Zambia mine shooting: Two Chinese bosses granted bail

  • Published
Injured miner Vincent Chenjela is cared for by his father in hospital in Lusaka, Zambia (18 Oct 2010)
Image caption,
The owners were reported to have felt threatened by the miners during a protest about pay and conditions

A Zambian court has ordered the release on bail of two Chinese mine managers accused of attempted murder after they allegedly shot a group of miners.

Eleven workers were injured in the protest about pay and conditions at the Collum coal mine in the southern town of Sinazongwe last month.

The magistrate set the bail at $10,000 (£6,000) each and ordered the pair to surrender their passports.

A BBC reporter in Zambia says the case has sparked angry reaction.

Chinese firms have invested heavily in Zambia in recent years.

The BBC's Mutuna Chanda said the Chinese mine managers - Xiao Li Shan and Wu Jiu Hua - looked relieved when the magistrate granted their bail request.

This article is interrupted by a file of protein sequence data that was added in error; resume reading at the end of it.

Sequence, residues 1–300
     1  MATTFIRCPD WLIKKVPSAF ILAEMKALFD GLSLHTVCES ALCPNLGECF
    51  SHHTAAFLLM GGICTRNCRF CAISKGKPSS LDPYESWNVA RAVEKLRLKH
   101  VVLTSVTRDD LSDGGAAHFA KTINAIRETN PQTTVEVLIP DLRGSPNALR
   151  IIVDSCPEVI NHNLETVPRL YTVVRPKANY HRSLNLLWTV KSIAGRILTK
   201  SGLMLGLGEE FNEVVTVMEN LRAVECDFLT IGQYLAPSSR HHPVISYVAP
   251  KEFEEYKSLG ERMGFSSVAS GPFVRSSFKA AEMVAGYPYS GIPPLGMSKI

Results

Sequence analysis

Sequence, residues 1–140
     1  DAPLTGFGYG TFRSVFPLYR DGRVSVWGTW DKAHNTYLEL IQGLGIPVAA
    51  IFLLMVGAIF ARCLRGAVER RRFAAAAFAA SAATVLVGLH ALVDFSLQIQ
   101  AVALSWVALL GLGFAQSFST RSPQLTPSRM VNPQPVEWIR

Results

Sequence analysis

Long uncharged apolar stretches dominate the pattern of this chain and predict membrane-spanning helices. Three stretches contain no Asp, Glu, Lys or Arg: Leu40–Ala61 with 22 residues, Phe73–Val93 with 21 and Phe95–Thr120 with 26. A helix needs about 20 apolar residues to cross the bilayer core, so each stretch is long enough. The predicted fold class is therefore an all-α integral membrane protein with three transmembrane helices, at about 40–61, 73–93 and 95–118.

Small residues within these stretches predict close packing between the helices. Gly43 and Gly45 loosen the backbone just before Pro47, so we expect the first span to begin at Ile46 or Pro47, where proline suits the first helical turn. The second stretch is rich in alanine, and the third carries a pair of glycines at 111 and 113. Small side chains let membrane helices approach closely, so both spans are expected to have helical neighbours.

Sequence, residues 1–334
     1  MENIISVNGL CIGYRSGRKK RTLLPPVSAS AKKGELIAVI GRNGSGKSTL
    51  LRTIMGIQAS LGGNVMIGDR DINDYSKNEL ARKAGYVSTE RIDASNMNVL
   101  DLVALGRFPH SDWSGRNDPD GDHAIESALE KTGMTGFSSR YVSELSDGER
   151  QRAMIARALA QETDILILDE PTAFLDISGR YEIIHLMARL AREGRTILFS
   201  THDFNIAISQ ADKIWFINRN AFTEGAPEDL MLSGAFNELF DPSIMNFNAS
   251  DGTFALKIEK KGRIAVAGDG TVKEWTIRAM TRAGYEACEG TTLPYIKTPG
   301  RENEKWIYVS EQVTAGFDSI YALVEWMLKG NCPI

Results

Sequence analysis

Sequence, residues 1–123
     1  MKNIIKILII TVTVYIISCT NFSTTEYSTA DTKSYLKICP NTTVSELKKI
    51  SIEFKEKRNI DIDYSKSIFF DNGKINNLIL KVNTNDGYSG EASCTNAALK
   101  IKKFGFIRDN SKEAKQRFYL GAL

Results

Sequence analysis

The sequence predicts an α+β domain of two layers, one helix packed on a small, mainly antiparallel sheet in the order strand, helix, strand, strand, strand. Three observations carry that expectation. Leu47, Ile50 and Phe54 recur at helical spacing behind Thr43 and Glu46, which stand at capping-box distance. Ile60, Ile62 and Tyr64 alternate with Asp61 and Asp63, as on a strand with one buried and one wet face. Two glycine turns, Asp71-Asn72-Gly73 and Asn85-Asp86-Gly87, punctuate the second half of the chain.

He said the court in Choma was not crowded as it is some 70km (about 40 miles) from the coal mine - and a long distance for the miners and their relatives to travel.

The case was adjourned to 2 December.

China has invested more than $400m in Zambia's mining industry, and Chinese investments in the country are continuing to grow.

But this has led to rising tensions in some areas and complaints that the government is prioritising Chinese investment over workers' rights.

President Rupiah Banda called for calm after Chinese firms were condemned by unions and opposition parties following the shooting.